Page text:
Atlas F1

Irvine's Weekend at Monaco

The Monaco Grand Prix is a massive event, seen by millions on TV, and attracting a huge crowd from all over the world. But what's it like for the drivers, the men at the centre of the action? In fact it's one of the toughest weekends of the year.

Schumacher, Nakano and Irvine on waterSome drivers at least get a chance to stay in their own apartments, but even for those who live in the Principality, the Monaco Grand Prix can be hard work. The place is always crowded, and getting around town is difficult. And because teams play host to so many sponsors and VIP guests, there are always functions to attend. Everything eats into the one commodity drivers never have enough of - time.

For Ferrari driver Eddie Irvine, Monaco is a race of contrasts. On the one hand he loves the sensation of actually driving around the track, shaving ever closer to the unyielding barriers, but on the other his job out of the car is much harder than usual. But he agrees that the race is the highlight of the year.

"It's what Formula One should be all about, which is glamour," says Eddie. "Normally it isn't very glamorous, although everyone thinks it is. Monaco is great for Formula One."

At Monaco the public gets much closer to the paddock, and there are always fans requesting autographs. If a driver takes time to answer every request, he won't be able to do anything else. "It can be very difficult," says Eddie, "because you can't stop and sign autographs all the time. You feel you're annoying people, but you can't please everybody."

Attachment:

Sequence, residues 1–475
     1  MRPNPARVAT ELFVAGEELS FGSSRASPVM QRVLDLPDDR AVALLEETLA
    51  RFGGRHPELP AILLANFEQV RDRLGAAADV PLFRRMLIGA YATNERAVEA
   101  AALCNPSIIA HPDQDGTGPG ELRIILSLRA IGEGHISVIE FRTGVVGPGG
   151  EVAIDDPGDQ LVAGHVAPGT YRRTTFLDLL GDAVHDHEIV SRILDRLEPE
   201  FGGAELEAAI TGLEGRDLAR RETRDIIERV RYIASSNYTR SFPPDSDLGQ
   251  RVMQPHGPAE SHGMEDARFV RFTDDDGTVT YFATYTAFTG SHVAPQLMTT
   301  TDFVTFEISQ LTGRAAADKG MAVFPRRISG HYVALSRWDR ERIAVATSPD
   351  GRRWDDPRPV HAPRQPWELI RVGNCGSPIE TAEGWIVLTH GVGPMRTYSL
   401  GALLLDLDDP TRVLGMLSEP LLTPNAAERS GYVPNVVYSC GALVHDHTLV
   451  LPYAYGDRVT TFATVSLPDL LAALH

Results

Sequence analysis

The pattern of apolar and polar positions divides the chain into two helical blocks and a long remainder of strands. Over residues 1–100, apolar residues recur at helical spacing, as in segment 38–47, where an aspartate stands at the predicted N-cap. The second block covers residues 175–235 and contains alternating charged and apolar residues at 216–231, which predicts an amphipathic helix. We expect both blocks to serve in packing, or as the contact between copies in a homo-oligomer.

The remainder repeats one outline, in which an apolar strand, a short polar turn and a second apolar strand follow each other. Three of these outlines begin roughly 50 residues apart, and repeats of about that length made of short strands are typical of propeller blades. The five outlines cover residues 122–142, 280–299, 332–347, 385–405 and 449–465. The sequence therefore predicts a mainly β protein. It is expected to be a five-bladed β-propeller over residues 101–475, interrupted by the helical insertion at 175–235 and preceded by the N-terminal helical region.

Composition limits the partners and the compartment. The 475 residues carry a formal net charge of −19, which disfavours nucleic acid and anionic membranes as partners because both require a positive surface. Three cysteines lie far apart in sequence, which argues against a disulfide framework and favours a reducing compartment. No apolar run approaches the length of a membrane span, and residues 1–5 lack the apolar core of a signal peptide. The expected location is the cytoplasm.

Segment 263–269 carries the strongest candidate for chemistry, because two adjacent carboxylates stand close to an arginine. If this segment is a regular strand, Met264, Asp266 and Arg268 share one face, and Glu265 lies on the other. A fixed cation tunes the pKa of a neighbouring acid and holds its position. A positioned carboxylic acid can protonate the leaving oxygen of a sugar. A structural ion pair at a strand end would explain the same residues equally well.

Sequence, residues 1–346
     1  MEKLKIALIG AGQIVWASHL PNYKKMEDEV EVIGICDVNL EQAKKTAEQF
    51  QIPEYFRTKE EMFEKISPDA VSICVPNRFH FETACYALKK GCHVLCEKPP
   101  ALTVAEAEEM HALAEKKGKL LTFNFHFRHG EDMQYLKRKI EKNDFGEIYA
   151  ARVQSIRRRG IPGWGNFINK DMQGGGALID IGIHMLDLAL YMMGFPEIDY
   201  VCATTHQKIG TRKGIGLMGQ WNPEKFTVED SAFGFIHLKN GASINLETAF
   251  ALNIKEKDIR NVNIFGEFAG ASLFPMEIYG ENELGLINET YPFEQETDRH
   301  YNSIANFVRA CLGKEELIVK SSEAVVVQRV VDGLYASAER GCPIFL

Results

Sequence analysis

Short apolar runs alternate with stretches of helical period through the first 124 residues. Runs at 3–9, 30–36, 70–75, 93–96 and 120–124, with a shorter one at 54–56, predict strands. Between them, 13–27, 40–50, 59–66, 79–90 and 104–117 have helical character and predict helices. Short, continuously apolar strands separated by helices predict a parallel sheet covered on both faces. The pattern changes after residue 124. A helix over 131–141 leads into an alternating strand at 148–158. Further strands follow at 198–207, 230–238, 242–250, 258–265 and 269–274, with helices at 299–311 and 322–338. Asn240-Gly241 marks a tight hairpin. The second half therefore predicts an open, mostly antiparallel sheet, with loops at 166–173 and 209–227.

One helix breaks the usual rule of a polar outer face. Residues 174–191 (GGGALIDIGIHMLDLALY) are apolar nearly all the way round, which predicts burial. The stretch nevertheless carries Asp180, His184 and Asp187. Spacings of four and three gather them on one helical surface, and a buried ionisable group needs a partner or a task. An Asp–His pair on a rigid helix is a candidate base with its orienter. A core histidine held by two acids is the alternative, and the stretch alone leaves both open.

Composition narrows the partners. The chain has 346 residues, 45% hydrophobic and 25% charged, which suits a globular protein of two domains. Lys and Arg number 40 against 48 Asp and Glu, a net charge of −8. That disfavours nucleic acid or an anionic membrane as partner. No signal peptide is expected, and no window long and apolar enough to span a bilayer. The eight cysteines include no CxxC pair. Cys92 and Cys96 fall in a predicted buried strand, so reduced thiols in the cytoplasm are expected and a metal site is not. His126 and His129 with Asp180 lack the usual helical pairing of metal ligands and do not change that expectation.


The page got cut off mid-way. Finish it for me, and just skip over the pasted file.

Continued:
Logistics are a huge problem at Monaco. The paddock is some distance from the pits, so everyone is always moving back and forth before and after each session on the track. "At least I have just to walk over there; the guys have got to take the cars and equipment back and forwards! It's very time consuming," says Irvine.

Solo Irvine on waterLast year Eddie bought himself a boat, and for the first time he's parked it in the Monaco harbour, not far from the Ferrari motorhome. It's just back from a winter overhaul, and he's delighted to be able to relax on it. However, he can't actually stay on it at night during the race weekend; if the sea was rough it would bob up and down so much that it would affect his balance. Not the ideal preparation for driving a Grand Prix car!

"It's nice to be back on the boat after being so long away from it," he says. "My hotel is on the other side of town, but at least I can take a speedboat across the harbour in the evening!"

An unusual feature of Monaco is that there is no practice on Friday. This year Eddie's idea of a day off was jet skiing, one of his favourite ways to relax. "It's good to get away and take some time off. It's always so busy, and there's always so much noise from the other races. You have to take a break," he says.

However, what every driver really enjoys is getting behind the wheel. "The circuit is mega. You're just fighting the car the whole way round the track. At most circuits you get sideways, and the lap is finished. Here you've almost got to get it sideways to go quickly. For sure it's more of a challenge, but I don't crash a lot."

Like all the other drivers, Eddie has a job to do. But how does he feel when he sees everyone else enjoying a relaxed weekend?

"If I wasn't a racing driver I couldn't afford to be here in the first place," he smiles. "There's always a sacrifice - and at least I can enjoy Sunday night!"

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